The Lonely Smoker

Rose Troup-Buchanan

Being a smoker is pretty great. Aside from the whole health-related ‘issues’ entailed with polluting your lungs with nicotine, it offers a myriad of fantastic benefits. Principal among these is the ability to absent yourself from any bum-numbingly dull conversation, citing your love of nicotine.

Recently my vague addiction has come in special use, as it has allowed me to stumble (mentally screaming) from any conversation concerning ‘The Future’. TF Anxiety may relate to all activities looming on the horrific horizon of graduation, and/or discussion of plans pertaining to last longer than the Mayan calendar.

Unfortunately, as it appears the Mayans were rather misguided on the whole end of the world front, Christmas this year is being approached by most in a decidedly un-festive manner. Instead of unwrapping commercially vapid tinsel chocolates every morning, most third-years are marking the calendar down with the dates left to apply to whatever graduate scheme might employ them.

As I am yet to apply for any kind of future employment/life scheme, I’ve started to treat these conversations as less terrifying and more with a detached anthropological fascination towards researching TF Anxiety.

I’ve realised there seems to be two courses of action available to the third-year student. The first, and most obvious, is my approach wherein you flail screaming from any mention or allusion to the imminent monstrosity. This reaction tends to also encompass partaking in hugely inappropriate activities, such as yoga, daytime drinking, or flirtation with those significantly younger than you.

The second course of action is to treat the entire operation with the stealth usually credited only to the intelligence services. Listening to some of my friends talk, anyone would think that MI5 were receiving more applications than the Queen gets Christmas cards.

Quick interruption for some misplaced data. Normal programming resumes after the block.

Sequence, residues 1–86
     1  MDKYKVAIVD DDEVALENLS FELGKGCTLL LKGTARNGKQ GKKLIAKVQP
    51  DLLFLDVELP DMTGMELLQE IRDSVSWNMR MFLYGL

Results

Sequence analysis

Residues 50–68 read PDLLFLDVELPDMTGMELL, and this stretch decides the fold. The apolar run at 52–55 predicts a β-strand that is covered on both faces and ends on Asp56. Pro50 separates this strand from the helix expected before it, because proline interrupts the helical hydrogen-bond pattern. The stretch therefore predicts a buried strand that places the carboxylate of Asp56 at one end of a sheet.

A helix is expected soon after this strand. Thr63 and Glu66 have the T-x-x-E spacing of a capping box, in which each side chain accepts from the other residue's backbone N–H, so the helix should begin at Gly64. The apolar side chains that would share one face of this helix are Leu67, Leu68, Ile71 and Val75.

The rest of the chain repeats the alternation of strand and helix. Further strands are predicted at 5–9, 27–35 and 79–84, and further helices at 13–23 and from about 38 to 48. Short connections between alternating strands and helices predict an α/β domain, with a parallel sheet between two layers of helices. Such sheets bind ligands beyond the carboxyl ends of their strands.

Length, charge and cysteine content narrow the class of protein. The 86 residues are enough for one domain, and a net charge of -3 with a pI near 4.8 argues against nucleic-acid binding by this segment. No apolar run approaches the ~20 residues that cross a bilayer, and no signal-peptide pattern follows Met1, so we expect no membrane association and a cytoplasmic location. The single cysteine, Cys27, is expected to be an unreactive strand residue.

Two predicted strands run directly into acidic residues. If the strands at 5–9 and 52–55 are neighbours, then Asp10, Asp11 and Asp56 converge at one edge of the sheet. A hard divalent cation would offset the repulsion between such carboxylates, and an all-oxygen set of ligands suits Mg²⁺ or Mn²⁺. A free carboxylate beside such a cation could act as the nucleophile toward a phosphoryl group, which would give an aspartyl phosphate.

It’s like a rather dubious Fight Club. The only rule about Grad Schemes is that you don’t talk about Grad Schemes.

As a result of my friends dodging my questions with the skill and verbal elegance usually seen only in the terminally unfaithful or your average politician, I presently have absolutely no idea where or what the majority of them are applying for.

This attitude may result from a misplaced fear I might steal their place. The fact that most of these schemes have thousands of applicants, and are advertised as plain as day via the Careers Service, doesn’t appear to have percolated through most peoples’ grey matter. Neither does the consideration that I am more incompetent at retaining information than a goldfish on LSD.

It’s a bit like the fat people you see in McDonalds: after ordering a Big Mac, with cheese, and chips, and some kind of sugar-saturated pink doughnut, they finally order a Diet Coke. Some say blind rejection of reality, others say they prefer the taste.

The real problem with TF Anxiety is that it is now invading me from every single angle. Sucking down nicotine outside the library, my smoke-infused enjoyment was interrupted by the arrival of people.

In a manner similar to the the behaviour when you met a newborn child (currently bearing a closer resemblance to Shrek and with similar hygiene/mucous related issues) I am now forced to sycophantically coo over various friends’ recent employment. That a friend might have previously expressed desires for arty gallery ownership, and is instead now on the Aldi graduate scheme is, apparently, not the point.

Maybe it’s best we don’t know all about our friends applications. Sometimes too much information is just too much information. As a friend observed in the swimming pool changing room, the profoundly naked lady drying herself with a hairdryer in front of the mirror was really all just a little too much.

Don’t be that naked lady. Keep quiet, apply away, and for Christ’s sake let me smoke in peace.

Leave a comment



Please note our disclaimer relating to comments submitted. Please do not post pretending to be another person. Nouse is not responsible for user-submitted content.